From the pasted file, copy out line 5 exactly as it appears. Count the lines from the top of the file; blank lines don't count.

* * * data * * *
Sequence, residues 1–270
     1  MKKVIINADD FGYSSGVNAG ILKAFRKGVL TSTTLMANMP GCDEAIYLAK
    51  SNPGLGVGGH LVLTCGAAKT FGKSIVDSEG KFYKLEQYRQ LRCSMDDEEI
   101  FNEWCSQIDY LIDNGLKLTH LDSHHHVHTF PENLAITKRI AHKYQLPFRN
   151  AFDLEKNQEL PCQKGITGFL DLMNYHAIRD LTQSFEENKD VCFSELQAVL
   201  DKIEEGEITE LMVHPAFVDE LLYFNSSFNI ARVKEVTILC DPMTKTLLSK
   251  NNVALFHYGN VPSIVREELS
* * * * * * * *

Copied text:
   151  AFDLEKNQEL PCQKGITGFL DLMNYHAIRD LTQSFEENKD VCFSELQAVL